At what appears to be a Man/Boy social club, a game of dodge ball gets taken a bit too seriously by a man with a big green ball.
Unless you happen to not be part of the game and you're holding up a video camera.
The Olympics aren't the only thing going on in Canada right now- some students in Alberta cliched the unofficial world record for World's Largest Dodgeball Game with some 1200 players. That's a lot of balls.
A medical professional must have been on hand at the Chateau Marmont to keep popular silver screen star Kirsten Dunst from busting a gut. The Spider Man star was laughing uncontrollably at the antics of Mac pitchman and ex-flame of Drew Barrymore, Justin Long. Dunst was thoroughly impressed by Long's comedic culinary consumption antics, even going as far as to say that Long is way funnier than "that Charlie Chaplin dude." Long reveled in the attention, even going as far as to moonwalk a piece of chicken into his mouth.
Click to viewDigg users should be glad merger talks with Google have cooled, writes Slate's Farhad Manjoo. Had Digg fallen into Marissa Mayer's frosting-laced clutches, the site would have probably become another startup lost in what Manjoo calls "the Google Black Hole." It happened to FeedBurner this week. And the RSS ad network, was just the latest, following Jaiku, JotSpot, Dodgeball, GrandCentral, and Measure Map. Their tales of doom in the Googleplex, below.
The new iPhone will let you broadcast your location to people through a program called Loopt. And because this phone is now just 200 bucks, it'll finally become an industry standard instead of a fringe geek toy. So get ready for the biggest annoying shift in your social life since Facebook, because Loopt is about to do for the world what a little site called Dodgeball did for the Gawker crowd in 2004.
Clay Shirky's Here Comes Everybody: The Power of Organizing Without Organizing is already set to be 2008's Gladwellian The Long Tailing Point Web 2.0 trend book of the year (especially after every blogger in Manhattan went to its release party). Former Gawker Mascot Andrew Krucoff is totally in the book! Because he was an early adopter of phone-based OG social networking gizmo Dodgeball, you see. Everyone else in the New York media scene signed up for it too, but only to write about it. The Krucoff excerpt, via noted music blog Young Manhattanite, is below, accompanied by a comment from mysterious YM contributer 99 that saves us the trouble of making fun of it.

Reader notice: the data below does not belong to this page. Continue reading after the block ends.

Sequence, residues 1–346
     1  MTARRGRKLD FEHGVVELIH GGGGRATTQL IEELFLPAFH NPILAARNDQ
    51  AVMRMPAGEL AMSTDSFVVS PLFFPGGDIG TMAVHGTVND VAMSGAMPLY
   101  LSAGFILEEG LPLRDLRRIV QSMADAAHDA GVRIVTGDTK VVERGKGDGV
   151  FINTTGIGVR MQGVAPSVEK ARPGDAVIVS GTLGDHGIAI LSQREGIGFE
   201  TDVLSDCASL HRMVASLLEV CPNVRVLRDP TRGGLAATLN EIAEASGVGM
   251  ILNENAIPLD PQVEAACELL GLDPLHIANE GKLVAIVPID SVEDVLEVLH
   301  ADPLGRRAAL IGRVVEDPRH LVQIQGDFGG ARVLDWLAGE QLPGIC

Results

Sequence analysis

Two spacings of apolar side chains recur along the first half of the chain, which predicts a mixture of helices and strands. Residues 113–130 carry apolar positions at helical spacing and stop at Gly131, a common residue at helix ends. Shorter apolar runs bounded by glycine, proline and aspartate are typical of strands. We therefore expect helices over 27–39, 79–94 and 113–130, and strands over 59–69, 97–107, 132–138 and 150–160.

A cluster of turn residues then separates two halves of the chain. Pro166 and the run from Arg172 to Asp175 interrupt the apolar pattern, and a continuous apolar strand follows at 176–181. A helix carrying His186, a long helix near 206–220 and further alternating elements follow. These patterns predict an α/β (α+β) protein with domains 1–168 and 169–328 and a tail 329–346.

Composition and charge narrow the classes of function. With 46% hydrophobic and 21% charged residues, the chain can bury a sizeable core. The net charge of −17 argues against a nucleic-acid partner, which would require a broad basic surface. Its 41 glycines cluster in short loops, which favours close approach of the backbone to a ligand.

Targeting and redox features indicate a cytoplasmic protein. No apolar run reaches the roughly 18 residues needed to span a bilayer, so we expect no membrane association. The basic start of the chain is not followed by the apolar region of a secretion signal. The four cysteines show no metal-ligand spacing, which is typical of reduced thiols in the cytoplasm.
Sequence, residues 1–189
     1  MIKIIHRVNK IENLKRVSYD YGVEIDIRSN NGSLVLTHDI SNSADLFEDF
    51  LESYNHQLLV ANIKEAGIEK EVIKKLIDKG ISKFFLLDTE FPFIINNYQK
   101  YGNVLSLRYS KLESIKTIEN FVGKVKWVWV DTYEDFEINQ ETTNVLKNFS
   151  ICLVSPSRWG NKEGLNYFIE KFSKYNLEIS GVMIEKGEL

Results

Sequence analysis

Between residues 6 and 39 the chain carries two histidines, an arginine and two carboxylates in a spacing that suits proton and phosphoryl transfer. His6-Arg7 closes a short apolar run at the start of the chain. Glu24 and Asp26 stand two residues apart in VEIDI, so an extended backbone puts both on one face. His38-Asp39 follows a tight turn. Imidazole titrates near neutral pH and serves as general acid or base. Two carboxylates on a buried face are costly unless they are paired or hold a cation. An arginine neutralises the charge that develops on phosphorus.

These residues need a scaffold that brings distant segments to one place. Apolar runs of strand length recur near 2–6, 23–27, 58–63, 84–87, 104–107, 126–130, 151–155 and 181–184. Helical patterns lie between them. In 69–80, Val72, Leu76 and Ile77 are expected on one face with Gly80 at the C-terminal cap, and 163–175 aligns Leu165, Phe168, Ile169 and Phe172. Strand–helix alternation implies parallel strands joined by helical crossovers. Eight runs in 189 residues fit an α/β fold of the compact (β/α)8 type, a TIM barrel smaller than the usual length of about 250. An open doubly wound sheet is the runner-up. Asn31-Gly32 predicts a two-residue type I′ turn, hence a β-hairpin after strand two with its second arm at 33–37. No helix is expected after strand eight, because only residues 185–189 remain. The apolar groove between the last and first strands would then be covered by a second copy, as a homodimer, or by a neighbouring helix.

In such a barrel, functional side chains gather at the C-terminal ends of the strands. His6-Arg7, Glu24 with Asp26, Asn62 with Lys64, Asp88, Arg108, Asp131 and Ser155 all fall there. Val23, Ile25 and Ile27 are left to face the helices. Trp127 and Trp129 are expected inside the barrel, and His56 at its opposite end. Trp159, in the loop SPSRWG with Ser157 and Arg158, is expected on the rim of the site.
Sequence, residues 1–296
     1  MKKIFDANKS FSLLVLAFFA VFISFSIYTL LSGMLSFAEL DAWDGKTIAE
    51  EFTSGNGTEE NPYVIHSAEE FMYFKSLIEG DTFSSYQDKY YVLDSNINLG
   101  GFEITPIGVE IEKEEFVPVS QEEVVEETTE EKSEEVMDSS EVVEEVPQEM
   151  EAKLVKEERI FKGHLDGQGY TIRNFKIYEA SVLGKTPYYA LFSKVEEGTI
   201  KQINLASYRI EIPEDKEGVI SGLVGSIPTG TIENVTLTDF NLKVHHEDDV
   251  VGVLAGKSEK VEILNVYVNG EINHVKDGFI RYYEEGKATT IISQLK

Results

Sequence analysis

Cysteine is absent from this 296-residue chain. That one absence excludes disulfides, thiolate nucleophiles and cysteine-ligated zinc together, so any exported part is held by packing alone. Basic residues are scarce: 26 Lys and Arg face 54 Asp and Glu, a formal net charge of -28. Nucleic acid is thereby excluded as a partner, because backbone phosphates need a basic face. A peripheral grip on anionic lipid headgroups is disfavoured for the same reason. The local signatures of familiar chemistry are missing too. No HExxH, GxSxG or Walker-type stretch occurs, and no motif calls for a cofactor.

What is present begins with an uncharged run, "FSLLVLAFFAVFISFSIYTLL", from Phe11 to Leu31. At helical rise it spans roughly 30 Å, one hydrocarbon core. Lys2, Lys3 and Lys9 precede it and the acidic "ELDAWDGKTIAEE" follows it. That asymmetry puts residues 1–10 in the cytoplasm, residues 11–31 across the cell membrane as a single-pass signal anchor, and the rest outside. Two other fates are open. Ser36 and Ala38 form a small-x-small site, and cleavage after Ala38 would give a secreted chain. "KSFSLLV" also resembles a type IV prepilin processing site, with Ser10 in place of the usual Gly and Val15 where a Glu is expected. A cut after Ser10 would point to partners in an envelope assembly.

Venture capital has found its way onto Google's open mobile platform, Android. W2Pi Studios, the company behind WiFiArmy, a videogram written for Android, is set to take $5 million in funding, a company source tells Valleywag. Company president Peter Whatanitch explains the game's premise in the video above. "This game allows you to play a first-person shooter anytime, anywhere." Charming! Anyway, it sounds a lot like Dodgeball to us. And we know how that worked out in Google's hands.
A message just came in via Dodgeball, the largely defunct text messaging network that was once New York's great internet hope, about a wake for Flip, the scrapbook site for teenaged girls just shuttered by Conde Nast. "It's like two social networking black holes crashing into each other," writes our tipster.
In private moments, Dodgeball cofounder Dennis Crowley will tell any startup entrepreneur in New York asking: Avoid getting acquired by Google. "Sure, he's not upset about the $40 million and he's glad to be dating models," a source close to Crowley told me. "But he's not happy with Google." Not all Google-acquired founders are so bitter. Word is the FeedBurner guys love it at Google. But FeedBurner's best innovations are in advertising, not engineering. Some say the same goes for Google these days. (Photo by rosswerks)
Someone broke into the offices of Area/Code, the startup where Dodgeball.com founder Dennis Crowley currently works (after bitterly leaving Google just three months ago). Taken were Crowley's laptop, a flatscreen monitor, and a digital camera. Left behind was the transvestite hooker still asleep on the office couch. [Teen Drama]
NICK DOUGLAS — [UPDATE: It's alive! Dodgeball is the Terry Schiavo of Web 2.0!] Sometimes a product just dies, horribly and suddenly, as if it were unlucky enough to be under a falling piano, stepping into an empty elevator shaft, getting smacked upside the head with a very large rock. It seems that's the fate of Dodgeball, the text-based find-your-friends-at-the-bar service that Google bought in 2005 and promptly abandoned. As of today, the front page is just a "502 server error" (a friend tells me that means the backend server, which actually handles page requests, is dead).